By Nithea Nadarajah

The advent of MFRS 16 Leases, which took effect on 1 January 2019, saw a paradigm shift in the treatment and ultimate recognition of rights and obligations arising from lease contracts.

The previous standard, MFRS 117, differentiated the accounting treatment between finance and operating lease arrangements. While finance leases were duly accounted for on the balance sheet, operating leases under MFRS 117 did not necessitate capitalisation of leased assets as well as the recognition of the corresponding liabilities by the lessee. In hindsight, this seemingly simple treatment proved undesirable, as it not only lacked adequate transparency but also enabled off-balance sheet financing practices to proliferate.

MFRS 16 addresses this as there will no longer be a segregation between finance and operating leases. “MFRS 16, which features a single model for lessees, recognises the ‘right-of-use’ approach in its conceptual framework,” explained Simon Tay Pit Eu, Executive Director, Professional Practices and Technical, MIA at the session on lease accounting during the MIA MFRS Conference 2019.

Under MFRS 16, all rights and obligations under leasing arrangements will thus be accounted for as assets and liabilities respectively.

Salient Features and Application


Under MFRS 16, a lease is defined as a contract or part of a contract that conveys the right to use an identifiable asset over a period of time in exchange for consideration. “After scoping out certain assets covered by other standards, for example, the lease of biological assets under MFRS 141, the pertinent question under MFRS 16 is whether there is an identifiable asset,” advised Simon. The ‘right to use’ is basically interpreted as the lessee’s ‘right to the economic benefits derived from, and the ability to control the use of, an asset throughout its lease term. The lease term is the non-cancellable period of the lease, including the timeline involved to extend and/or terminate the lease term.

On the contrary, short-term leases (with a 12-month repayment period or lesser) and leases of low value assets are accorded optional exemptions, where such repayments are written off as expenses in the profit and loss account throughout the lease term.


Leased assets are initially recognised at cost, akin to other non-financial assets, which also includes direct costs and restoration costs. Subsequent measurements would need to take into account the assets’ depreciating values and other cost or impairment adjustments. Additionally, MFRS 16 also allows lessees to apply the fair value model and revaluation measurements for the subsequent measurements of investment properties and certain classes of property, plant and equipment, respectively.  Leased liabilities, on the other hand, are initially measured by computing the present value of all unpaid lease payments, including non-cancellable lease payments, and payments to be made in optional periods. Subsequent measurements would need to account for lease payments made, interest due, and lease modifications, if any.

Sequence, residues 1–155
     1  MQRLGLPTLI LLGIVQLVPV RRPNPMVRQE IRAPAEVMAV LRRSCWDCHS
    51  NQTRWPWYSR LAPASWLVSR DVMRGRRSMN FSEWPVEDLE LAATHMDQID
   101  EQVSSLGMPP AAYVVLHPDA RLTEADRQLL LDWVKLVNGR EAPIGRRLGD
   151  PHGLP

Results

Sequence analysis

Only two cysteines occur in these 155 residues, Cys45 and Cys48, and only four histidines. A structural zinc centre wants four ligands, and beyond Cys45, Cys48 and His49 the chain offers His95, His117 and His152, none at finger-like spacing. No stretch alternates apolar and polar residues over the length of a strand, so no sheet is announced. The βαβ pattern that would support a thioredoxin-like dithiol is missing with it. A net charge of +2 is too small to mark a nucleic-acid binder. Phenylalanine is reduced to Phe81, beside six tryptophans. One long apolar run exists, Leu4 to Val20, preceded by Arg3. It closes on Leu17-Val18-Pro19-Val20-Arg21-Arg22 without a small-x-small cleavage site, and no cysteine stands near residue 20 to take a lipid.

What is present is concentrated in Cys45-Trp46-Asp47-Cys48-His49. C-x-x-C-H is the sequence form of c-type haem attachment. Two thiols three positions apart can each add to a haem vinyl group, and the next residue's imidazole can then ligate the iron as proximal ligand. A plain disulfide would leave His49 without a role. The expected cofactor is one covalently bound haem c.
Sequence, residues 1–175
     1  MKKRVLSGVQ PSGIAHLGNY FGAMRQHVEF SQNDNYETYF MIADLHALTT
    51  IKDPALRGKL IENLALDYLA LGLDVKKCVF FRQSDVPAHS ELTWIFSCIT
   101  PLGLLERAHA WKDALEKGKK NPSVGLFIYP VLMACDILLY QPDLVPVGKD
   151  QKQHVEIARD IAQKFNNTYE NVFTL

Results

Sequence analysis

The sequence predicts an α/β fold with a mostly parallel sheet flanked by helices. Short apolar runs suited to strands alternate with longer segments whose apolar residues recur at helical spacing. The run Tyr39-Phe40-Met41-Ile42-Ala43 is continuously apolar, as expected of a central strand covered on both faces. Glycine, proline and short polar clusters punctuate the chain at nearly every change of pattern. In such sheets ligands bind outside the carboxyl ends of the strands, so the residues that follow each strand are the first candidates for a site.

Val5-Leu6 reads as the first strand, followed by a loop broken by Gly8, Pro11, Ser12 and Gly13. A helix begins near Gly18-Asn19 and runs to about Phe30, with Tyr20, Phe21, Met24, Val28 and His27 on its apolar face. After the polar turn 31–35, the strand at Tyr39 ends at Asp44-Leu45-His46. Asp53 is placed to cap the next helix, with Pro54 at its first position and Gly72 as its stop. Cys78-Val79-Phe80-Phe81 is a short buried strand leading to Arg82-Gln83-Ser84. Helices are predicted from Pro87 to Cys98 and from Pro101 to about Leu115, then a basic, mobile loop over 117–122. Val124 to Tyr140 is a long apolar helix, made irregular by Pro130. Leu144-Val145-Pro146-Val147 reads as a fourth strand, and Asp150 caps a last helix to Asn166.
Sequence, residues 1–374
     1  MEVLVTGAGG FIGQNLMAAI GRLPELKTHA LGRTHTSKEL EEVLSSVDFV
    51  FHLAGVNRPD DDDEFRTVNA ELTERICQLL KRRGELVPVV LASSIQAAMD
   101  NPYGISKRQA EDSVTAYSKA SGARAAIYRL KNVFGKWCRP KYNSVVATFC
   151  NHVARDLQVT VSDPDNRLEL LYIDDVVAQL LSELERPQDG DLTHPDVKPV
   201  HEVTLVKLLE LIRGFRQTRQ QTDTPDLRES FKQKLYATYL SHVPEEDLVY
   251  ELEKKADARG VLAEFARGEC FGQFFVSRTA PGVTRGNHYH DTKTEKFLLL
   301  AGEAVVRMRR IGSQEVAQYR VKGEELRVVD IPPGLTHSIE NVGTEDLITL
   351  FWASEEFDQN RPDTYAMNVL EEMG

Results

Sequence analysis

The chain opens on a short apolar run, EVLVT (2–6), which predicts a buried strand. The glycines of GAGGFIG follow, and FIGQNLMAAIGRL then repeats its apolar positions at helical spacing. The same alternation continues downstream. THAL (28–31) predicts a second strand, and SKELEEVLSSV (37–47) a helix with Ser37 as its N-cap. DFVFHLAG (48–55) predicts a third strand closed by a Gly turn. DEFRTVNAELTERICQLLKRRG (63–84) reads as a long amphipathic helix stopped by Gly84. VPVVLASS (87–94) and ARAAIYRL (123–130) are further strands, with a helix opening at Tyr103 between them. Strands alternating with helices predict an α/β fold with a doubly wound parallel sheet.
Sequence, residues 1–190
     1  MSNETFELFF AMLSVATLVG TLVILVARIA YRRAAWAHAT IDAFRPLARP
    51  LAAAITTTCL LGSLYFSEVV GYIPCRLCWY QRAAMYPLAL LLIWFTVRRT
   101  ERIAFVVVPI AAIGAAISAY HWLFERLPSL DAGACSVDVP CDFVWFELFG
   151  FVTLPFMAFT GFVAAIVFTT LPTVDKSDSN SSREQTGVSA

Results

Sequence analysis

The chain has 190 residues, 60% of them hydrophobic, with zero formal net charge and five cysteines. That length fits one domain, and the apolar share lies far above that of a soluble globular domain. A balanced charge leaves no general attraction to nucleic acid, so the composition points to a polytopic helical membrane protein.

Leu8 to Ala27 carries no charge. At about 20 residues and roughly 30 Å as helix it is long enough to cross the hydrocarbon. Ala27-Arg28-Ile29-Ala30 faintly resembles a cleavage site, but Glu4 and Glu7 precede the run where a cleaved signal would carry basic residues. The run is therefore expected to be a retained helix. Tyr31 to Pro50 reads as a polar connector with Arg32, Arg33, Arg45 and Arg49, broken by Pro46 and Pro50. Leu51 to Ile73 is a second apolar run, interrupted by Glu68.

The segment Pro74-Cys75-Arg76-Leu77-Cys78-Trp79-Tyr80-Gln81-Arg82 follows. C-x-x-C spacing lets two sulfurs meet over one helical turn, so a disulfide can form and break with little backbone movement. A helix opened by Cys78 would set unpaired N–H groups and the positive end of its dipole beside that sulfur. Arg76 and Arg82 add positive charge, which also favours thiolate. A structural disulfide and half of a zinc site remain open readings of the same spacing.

“Companies are provided with a choice to either fully adopt the MFRS 16 framework retrospectively or apply the modified retrospective method,” said Simon. Unlike the retrospective approach which necessitates a restatement of financial and comparative information, the modified retrospective approach just requires a cumulative adjustment be made to equity at the initial application date (1 January 2019 for calendar year ends). To ease transitional woes by way of reducing the need to reassess all lease contracts, MFRS 16 allows for the application of various practical expedients, which enable the taking of pragmatic approaches that make good business sense. For example, as a practical expedient, an entity is not required to reassess whether a contract is, or contains, a lease at the date of initial application for contracts previously identified as leases under MFRS 117 and IC Interpretation 4 Determining whether an Arrangement contains a Lease. Another practical expedient is that for leases with a remaining term of less than one year at the date of initial application, the lessee may choose to apply the short-term lease exemption in MFRS 16 and expense lease payments rather than recognise a right-of-use asset and a lease liability at the date of initial application. The application of a practical expedient is an accounting policy choice to be applied consistently to all contracts on transition.